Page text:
Michael Moore's important film
Bill Maher recently told Michael Moore that he is "the tribune of the people." I think that's spot on. Moore has put himself out there once again to bring us a very real depiction of what's happening in the United States, in a way that no one else does.
It's saddening, it's maddening, and it's entirely true. The gap that exists between rich and poor has been rapidly widening. We have been told over and over that capitalism and free enterprise are the good, holy foundations of our economic system, but Moore puts forth the heretical notion that capitalism is not always good, that it's not holy, and that it actually does quite a bit of harm. How dare he.
For those out there who dismiss Moore's movies automatically because they see him as a propagandist for the left, I ask you to first see the movie. You might see how much he really just wants to see ordinary men and women have a fair shot at a good life. The people who are struggling in the movie are real. They are families whose houses were foreclosed because bankers and traders gambled with their loans. They are professional airline pilots who have to go on food stamps because their wages were slashed to make excessive profits for the top guns. They are widows who watched companies collect giant life insurance payoffs from their spouse's death, while they themselves drowned in medical bills.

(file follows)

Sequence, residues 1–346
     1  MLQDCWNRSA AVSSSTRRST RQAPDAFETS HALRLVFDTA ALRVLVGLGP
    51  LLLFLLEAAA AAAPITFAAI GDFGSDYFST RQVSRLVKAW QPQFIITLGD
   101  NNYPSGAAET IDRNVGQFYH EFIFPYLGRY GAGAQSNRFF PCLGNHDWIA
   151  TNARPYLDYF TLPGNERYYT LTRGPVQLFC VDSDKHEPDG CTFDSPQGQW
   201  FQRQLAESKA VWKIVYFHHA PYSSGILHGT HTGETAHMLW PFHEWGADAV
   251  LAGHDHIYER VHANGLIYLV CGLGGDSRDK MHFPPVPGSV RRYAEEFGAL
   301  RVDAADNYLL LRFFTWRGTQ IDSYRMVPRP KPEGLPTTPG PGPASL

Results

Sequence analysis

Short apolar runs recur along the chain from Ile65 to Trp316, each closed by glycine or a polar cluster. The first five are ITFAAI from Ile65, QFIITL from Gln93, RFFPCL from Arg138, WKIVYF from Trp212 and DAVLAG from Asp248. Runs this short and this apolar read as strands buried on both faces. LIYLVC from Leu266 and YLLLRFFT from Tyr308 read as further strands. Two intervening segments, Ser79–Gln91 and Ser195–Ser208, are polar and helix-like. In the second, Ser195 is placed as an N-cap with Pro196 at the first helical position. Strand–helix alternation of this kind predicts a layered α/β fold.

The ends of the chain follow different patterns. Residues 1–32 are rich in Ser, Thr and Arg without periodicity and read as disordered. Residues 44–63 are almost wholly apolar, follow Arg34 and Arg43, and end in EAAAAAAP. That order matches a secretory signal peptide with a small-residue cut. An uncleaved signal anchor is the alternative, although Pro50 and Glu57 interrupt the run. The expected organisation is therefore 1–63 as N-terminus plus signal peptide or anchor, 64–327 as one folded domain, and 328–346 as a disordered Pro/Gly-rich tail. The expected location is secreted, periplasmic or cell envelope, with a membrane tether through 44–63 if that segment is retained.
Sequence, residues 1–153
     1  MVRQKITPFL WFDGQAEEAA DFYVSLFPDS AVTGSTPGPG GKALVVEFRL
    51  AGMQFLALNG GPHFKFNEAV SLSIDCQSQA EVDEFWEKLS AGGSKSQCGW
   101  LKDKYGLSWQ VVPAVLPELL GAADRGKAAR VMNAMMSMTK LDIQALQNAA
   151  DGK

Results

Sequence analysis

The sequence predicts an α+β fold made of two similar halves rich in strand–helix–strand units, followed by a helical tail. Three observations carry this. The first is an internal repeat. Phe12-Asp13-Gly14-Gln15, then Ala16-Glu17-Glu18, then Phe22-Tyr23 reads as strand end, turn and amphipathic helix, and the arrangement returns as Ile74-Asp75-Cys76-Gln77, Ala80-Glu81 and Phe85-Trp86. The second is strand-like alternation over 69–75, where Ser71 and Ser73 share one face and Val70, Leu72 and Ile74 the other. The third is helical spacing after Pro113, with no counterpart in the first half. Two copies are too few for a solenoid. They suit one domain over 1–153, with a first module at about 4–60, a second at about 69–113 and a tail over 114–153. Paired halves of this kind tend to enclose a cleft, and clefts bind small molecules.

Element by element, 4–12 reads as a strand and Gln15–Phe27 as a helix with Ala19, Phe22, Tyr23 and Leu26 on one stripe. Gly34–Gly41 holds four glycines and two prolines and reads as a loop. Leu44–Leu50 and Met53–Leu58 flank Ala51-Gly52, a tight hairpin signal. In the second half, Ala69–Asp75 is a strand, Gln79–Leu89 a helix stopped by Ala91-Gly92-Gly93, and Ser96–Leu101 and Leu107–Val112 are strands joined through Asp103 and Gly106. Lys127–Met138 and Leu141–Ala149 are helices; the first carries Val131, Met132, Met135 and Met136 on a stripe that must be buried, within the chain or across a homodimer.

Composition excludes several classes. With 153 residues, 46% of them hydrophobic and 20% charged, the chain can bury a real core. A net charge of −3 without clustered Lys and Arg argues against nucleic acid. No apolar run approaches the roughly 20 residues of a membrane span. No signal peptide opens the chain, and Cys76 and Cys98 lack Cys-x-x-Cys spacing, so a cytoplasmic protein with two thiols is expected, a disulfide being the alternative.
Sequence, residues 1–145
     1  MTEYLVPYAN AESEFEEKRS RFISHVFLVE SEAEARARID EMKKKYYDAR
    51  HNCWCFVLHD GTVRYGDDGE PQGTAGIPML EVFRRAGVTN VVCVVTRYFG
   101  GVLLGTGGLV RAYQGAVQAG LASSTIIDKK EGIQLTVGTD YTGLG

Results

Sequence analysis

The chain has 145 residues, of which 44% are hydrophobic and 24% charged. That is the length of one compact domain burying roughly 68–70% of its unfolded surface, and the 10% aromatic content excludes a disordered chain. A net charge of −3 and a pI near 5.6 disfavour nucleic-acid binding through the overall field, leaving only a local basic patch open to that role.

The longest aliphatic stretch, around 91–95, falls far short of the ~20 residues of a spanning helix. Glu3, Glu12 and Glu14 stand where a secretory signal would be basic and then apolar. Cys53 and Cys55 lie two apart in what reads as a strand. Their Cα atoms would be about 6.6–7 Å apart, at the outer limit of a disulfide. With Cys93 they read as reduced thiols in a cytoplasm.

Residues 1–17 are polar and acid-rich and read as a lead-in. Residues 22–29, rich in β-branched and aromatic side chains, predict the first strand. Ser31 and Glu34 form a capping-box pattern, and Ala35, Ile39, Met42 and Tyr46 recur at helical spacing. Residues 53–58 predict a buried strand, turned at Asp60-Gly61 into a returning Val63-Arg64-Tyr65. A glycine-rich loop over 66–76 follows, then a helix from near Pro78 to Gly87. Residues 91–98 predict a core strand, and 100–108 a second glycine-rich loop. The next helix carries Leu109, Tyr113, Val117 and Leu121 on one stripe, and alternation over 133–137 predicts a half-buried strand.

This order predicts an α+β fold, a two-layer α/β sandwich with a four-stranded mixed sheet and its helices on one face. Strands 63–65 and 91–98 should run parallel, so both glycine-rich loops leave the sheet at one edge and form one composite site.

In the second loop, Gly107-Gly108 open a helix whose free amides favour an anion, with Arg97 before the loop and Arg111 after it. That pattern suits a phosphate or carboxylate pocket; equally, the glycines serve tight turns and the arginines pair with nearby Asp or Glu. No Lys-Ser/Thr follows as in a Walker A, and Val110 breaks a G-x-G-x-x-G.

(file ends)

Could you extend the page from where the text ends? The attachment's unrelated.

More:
And on the other side of the coin, you have the people who have been telling you how great capitalism is because, one, it's been great for them, and two, they want you to keep eating hamburgers and drinking Budweiser so that you never question the system. These are the same people who write off Michael Moore's movies as sensationalism. This group is comprised of a wealthy elite who hold all the strings, on Wall Street and in Washington. The scary thing is, the fat cats on Wall Street and the politicians in Washington are often one and the same. Goldman Sachs is the farm team, the alma mater, for many of the most powerful men on Capitol Hill. So when it comes time for the government to implement regulations (for a $700 billion bailout, for example), nothing happens.
I can't predict that you'll agree with everything Moore says in this documentary, but I pretty much did. I think it's essential that we have someone openly questioning and confronting the stigmas about what does and does not define America's greatness. I think if the truth were more readily available, more of us would be picketing in the streets. In fact, I hope that's exactly what comes of this film.